# Forces in One Dimension: Force and Motion 4.1

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Forces in One Dimension: Force and Motion 4.1
Pg. 86

Force and Motion Force is a push or pull exerted on an object.
Can cause objects to speed up, show down, or change directions as they move The object of interest is called the system . The object exerting the force is called the agent. Everything else is called the external world. “F” is a vector and represents the size and direction of a force “F” represents only the magnitude

Contact Forces and Field Forces
Contact forces exists when an object from the external world touches a system and exerts a force on it. Field forces are exerted without contact (gravitational force).

Free-Body Diagrams Read pg. 89

Free-Body Diagrams Things to Remember…
Create a pictorial model. Circle the system and identify every place where the system touches the external world (this is where contact forces are exerted). Identify contact forces. Identify any field forces on the system. Apply the particle model and represent the object with a dot. Represent each force with a blue arrow that points in the direction that the force is applied. (make arrow the length proportional to the size of the force). Always draw the force arrows pointing away from the particle. Label each force. Use the “F” symbol with a subscript label to identify agent and object on which force is exerted. Choose a direction to be positive.

Force and Acceleration
They have a relationship! It is linear! Greater force means greater acceleration! You can apply the straight line equation… y = mx + b

Force and Acceleration
See graphs pg.91 The graph shows that if the same force is applied in each situation… The acceleration of two carts is ½ acceleration of one cart. The acceleration of three carts is 1/3 acceleration of one cart.

Therefore… As the number of carts increases a greater force is needed to produce the same acceleration. The slope depends on the total mass of the carts. If the slope (k), in this case, is defined as the reciprocal of the mass (k=1/m), then a = F/m or F=ma (Newton’s Second Law)

a = F/m This equation tells you that…
a force applied to an object causes that object to experience a change in motion – the force causes the object to accelerate. If you double the force, you will double the object’s acceleration. If you apply the same force to several different objects, the one with the most mass will have the smallest acceleration and the one with the least mass will have the greatest acceleration.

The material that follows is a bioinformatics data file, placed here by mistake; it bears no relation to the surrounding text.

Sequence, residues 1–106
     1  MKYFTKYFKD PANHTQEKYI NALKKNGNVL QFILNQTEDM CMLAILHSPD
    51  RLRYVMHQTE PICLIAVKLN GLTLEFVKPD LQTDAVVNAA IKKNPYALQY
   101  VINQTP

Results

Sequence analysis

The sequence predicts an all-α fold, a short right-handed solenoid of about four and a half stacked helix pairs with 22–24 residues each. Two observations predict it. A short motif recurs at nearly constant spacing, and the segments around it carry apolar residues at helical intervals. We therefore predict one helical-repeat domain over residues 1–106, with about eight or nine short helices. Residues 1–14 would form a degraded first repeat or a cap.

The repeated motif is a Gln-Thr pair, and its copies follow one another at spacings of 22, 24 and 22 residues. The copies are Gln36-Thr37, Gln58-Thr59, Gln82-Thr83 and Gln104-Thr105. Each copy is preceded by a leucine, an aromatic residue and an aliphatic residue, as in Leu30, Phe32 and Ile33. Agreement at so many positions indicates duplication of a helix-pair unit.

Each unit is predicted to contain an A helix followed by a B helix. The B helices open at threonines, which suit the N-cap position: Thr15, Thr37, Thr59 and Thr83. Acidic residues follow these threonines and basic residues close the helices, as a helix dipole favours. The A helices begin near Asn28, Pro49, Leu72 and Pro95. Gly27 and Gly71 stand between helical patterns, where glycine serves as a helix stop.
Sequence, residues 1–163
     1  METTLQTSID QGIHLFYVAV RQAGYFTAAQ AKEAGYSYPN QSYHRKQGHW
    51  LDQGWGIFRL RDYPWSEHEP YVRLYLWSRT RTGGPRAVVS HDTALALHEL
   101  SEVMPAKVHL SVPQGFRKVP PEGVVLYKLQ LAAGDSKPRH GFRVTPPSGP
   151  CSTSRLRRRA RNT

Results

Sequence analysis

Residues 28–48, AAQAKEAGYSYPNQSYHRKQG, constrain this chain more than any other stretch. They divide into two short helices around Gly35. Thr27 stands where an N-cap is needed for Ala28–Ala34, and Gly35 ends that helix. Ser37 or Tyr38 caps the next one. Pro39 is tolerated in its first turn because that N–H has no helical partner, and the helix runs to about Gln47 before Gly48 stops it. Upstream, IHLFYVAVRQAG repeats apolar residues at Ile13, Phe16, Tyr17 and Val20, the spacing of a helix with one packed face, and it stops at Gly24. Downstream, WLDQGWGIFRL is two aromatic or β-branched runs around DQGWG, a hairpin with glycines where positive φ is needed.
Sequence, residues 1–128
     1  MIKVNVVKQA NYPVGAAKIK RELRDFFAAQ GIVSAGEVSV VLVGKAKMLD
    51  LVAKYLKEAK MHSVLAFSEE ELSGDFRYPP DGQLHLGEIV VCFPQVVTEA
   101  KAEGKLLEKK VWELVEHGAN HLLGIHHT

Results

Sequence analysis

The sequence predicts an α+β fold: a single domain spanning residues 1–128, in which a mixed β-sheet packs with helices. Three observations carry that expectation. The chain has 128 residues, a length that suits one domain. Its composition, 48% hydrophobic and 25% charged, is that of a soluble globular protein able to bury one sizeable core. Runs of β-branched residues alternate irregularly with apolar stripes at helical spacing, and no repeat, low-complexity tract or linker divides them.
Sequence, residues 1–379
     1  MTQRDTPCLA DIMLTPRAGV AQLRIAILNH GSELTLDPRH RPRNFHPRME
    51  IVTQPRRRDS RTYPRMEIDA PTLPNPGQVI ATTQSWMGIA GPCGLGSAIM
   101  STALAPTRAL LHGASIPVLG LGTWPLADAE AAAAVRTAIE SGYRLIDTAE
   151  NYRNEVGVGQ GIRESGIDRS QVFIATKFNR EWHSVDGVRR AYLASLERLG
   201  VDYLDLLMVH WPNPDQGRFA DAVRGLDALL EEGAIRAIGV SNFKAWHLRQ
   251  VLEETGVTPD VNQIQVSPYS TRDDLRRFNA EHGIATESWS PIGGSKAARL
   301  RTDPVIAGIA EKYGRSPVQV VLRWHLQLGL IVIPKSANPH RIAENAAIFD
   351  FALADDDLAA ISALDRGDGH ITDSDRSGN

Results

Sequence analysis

Units for Force F = ma Mass is measured in kg
Acceleration is measured in m/s² That makes Force be measured in kg•m/s² The unit 1 kg•m/s² is called a Newton (N)

Combining Forces

Combining Forces Explained…
In the free-body diagram a vector represents the total result of the two forces. When force vectors are in the same direction they can be replaced with one vector with an equal length of their combined lengths. When the forces are in opposite directions, the resulting vector is the length of the difference between the two vectors. Net Force – the sum of all the vectors on an object.

Newton’s Second Law The acceleration of an object is proportional to the net force and inversely proportional to the mass of the object being accelerated. A net force is the cause of a change in velocity (an acceleration).

Newton’s First Law Galileo was the first to recognize that the general principles of motion could be found by extrapolating experimental results to the ideal case in which there is no resistance to slow down an object’s motion.

Newton’s First Law Newton generalized Galileo’s results in the following statement: “an object that is at rest will remain at rest, and an object that is moving will continue to move in a straight line with constant speed, if and only if the net force acting on that object is zero”.

Ff FN Fsp FT Fthrust Fg Force Symbol Definition Direction Friction
The contact force that acts to oppose sliding motion between surfaces Parallel to the surface and opposite the direction of sliding Normal FN The contact force exerted by a surface on an object Perpendicular to and away from the surface Spring Fsp A restoring force; that is, the push or pull a spring exerts on an object Opposite the displacement of the object at the end of the spring Tension FT The pull exerted by a string, rope, or cable when attached to a body and pulled taut Away from the object and parallel to the string, rope, or cable at the point of attachment Thrust Fthrust A general term for the forces that move objects such as rockets, planes, cars, and people In the same direction as the acceleration of the object, barring any resistive forces Weight Fg A field force due to gravitational attraction between two objects, generally Earth and an object Straight down toward the center of the Earth

Newton’s First Law Inertia Tendency of an object to resist change
If an object is at rest, it tends to stay at rest If an object is moving at a constant velocity, it tends to continue moving at that velocity.

Equilibrium A net force is something that causes velocity to change.
If net force is zero, the object is in equilibrium. The object is at rest (0 velocity) or constant velocity. A net force is something that disturbs a state of equilibrium If there is no net force acting on an object, the object does not experience a change in speed or direction (velocity)

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